From an occupational health standpoint, there could be hazards to nail salon workers who are exposed to the chemical fumes from artificial nails during their entire work shift. Ethyl methacrylate can be used for artificial nails and can cause contact dermatitis, asthma, and allergies in the eyes and nose.[12] Nail salon workers also face exposure to other chemicals used, such as toluene, dibutyl phthalate, and formaldehyde.[13][14][15] The products used to make acrylic nails may also be flammable.[16]

Exposure to methyl methacrylate (the precursor to acrylic glass) can cause drowsiness, light-headedness, and trembling of the hands,[17] and so it has been banned for use in cosmetology in the majority of US states.[18] Some signs that a nail salon is still using MMA might be prices that are significantly lower than most other nail salons.[verification needed] There will be an unusually strong and fruity odor. Also, the manicurist will often be wearing a mask to keep from breathing in the harmful chemical.[17]

See also[edit]

  • Fingerpick, placed on fingers to play stringed instruments


  1. ^ Tan, Sara. "Acrylics 101: 5 Tips to Make Your Fake Tips Last". Bustle. Retrieved 23 February 2018.
  2. ^ "Secret Ingredient: Acrylic Liquid". NAILS Magazine. Retrieved 23 February 2018.
  3. ^ a b c d Janet Simms (2003). A Practical Guide to Beauty Therapy for NVQ Level 2. Nelson Thornes. p. 396. ISBN 978-0-7487-7150-9.
  4. ^ Whitbread, Louise (2019). "Gel Manicures Look Good, But What's The Damage To Your Nails?". Huffington Post.
  5. ^ Kang, Sewon (2018). Fitzpatrick's Dermatology, Ninth Edition. McGraw-Hill Education. ISBN 978-0-07-183783-5.
  6. ^ a b c Simms (2003), p. 397.
  7. ^ a b Simms (2003), p. 398.
  8. ^ Newman, Marian (3 April 2017). The Complete Nail Technician. Cengage Learning EMEA. ISBN 184480139X.
  9. ^ Sciacca, Noelle. "The Nail Files". Mashable. Mashable. Retrieved 18 April 2019.
  10. ^ Sciacca, Noelle. "The Nail Files". Mashable. Mashable. Retrieved 18 April 2019.
  11. ^ Sciacca, Noelle. "The Nail Files". Mashable. Mashable. Retrieved 18 April 2019.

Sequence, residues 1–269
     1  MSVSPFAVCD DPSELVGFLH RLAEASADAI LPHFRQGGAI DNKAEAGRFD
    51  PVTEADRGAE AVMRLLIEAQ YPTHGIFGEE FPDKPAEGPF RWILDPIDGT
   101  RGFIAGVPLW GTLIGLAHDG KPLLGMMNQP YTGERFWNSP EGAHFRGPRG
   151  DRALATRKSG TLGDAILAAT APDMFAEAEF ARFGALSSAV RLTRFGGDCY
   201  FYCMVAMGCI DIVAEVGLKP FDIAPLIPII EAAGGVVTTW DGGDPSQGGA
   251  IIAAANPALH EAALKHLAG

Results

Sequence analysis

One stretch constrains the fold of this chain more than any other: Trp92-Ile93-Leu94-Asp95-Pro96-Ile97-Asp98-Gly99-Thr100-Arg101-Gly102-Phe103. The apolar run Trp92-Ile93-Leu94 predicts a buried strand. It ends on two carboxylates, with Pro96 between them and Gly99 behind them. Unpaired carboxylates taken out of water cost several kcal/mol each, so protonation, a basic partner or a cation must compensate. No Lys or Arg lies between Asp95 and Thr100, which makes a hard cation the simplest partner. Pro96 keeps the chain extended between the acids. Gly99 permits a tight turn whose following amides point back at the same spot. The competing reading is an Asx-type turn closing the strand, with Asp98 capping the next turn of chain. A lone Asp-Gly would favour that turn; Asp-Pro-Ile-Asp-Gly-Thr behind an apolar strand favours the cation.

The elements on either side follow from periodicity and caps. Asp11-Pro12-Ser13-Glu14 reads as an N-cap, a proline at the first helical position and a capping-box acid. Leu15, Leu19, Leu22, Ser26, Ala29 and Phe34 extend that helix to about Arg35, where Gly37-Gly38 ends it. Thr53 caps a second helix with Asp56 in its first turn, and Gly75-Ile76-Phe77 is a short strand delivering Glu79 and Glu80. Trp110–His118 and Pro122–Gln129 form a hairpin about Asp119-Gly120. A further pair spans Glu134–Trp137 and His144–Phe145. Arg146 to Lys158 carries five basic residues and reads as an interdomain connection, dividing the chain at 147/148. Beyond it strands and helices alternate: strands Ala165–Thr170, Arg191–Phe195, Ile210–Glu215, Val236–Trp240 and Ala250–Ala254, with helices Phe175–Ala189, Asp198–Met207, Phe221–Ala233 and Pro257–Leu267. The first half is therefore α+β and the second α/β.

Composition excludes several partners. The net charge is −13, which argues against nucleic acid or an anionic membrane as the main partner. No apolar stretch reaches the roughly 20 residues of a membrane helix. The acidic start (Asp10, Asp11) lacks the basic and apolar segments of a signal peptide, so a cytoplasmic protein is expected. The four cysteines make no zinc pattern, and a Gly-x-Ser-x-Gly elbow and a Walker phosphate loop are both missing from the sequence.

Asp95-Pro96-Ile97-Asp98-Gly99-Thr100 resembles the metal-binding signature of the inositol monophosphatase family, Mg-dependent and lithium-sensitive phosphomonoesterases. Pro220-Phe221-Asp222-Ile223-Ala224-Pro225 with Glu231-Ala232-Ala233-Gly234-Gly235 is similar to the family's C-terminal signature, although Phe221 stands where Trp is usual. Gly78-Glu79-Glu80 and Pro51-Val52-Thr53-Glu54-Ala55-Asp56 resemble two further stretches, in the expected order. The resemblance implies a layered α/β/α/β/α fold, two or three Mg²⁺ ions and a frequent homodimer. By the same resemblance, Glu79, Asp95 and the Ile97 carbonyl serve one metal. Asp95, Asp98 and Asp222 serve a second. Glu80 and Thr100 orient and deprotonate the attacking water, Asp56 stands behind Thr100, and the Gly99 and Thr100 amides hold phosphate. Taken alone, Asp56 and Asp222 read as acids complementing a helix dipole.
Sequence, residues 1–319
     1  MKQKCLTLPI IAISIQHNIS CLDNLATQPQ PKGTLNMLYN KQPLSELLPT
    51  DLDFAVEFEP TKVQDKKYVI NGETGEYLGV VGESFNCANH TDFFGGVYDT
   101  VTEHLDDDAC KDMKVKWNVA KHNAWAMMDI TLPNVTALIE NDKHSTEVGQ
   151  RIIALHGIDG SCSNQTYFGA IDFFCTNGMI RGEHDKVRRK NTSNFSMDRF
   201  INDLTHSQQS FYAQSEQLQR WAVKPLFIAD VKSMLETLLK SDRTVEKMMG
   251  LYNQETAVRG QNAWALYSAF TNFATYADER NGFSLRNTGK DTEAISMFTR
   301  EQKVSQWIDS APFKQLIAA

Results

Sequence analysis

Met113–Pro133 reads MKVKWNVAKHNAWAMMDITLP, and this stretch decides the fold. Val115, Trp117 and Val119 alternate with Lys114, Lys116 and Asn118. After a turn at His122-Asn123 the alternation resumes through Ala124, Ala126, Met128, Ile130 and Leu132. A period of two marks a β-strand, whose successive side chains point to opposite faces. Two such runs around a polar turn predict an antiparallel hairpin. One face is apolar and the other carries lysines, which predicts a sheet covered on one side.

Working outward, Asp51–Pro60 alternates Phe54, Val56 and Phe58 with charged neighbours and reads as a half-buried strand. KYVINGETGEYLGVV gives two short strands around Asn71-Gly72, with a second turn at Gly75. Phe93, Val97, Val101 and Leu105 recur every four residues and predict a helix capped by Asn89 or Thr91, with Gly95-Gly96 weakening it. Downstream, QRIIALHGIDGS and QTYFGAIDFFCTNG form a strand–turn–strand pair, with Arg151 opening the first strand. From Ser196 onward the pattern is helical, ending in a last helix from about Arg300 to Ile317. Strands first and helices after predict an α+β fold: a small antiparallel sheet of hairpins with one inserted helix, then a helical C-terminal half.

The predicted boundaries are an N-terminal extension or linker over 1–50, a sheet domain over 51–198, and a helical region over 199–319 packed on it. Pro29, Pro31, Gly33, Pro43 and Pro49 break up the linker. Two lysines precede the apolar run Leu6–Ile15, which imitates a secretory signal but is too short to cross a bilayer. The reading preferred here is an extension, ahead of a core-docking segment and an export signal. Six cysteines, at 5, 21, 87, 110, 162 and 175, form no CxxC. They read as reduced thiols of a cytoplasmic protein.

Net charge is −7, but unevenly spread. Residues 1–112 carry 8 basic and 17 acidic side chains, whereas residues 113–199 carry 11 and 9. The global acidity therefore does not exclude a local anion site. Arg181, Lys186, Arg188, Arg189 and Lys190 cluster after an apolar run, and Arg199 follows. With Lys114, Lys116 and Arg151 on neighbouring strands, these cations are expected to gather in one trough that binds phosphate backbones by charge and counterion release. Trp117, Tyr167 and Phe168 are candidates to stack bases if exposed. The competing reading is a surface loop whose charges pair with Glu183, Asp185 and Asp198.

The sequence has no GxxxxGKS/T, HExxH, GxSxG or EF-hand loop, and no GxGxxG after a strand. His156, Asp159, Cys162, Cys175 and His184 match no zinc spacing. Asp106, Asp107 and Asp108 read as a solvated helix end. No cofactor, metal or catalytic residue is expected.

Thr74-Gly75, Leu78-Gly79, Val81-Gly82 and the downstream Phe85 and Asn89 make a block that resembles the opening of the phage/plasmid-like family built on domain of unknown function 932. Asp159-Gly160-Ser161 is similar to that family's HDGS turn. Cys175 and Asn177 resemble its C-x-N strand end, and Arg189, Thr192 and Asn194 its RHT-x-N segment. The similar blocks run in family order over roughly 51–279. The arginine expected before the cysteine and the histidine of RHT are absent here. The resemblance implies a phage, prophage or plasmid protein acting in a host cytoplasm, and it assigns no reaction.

12. ^ "CDC – NIOSH Publications and Products – Controlling Chemical Hazards During the Application of Artificial Fingernails". NIOSH. Retrieved 6 March 2013.
  13. ^ "Health Hazards in Nail Salons – Chemical Hazards". OSHA. Retrieved 6 March 2013.
  14. ^ "At Some Nail Salons, Feeling Pretty and Green". The New York Times. Retrieved 6 March 2013.
  15. ^ "CDC – Nail Technicians' Health and Workplace Exposure Control – NIOSH Workplace Safety and Health Topic". NIOSH. Retrieved 6 March 2013.
  16. ^ "Product Information, Nail Care Products". U.S. Food and Drug Administration. Archived from the original on 6 June 2009.
  17. ^ a b Symington, Jan (2006). "Salon management". Australian nail technology. Croydon, Victoria, Australia: Tertiary Press. p. 11. ISBN 0864585985.
  18. ^ "The Methacrylate Producers Association's Position on the Use of Methacrylic Acid and Unreacted Methacrylic Monomers Liquid Form in Artificial Nail Products" (PDF). Methacrylic Producers Association. Retrieved 14 December 2018.

Further reading[edit]

  • Chase, Deborah. The New Medically Based No-Nonsense Beauty Book. Henry Holt and Company, Inc., 1989.
  • Schoon, Douglas D. Nail Structure and Product Chemistry. Milady Publishing, 1996.
  • Symington, Jan. Australian nail technology. Tertiary Press, 2006.
  • Anthony, Elizabeth. "ABC's of Acrylics," NailPro Magazine, October 1994.
  • Hamacker, Amy. "Dental Adhesives for Nails," NailPro Magazine, June 1994.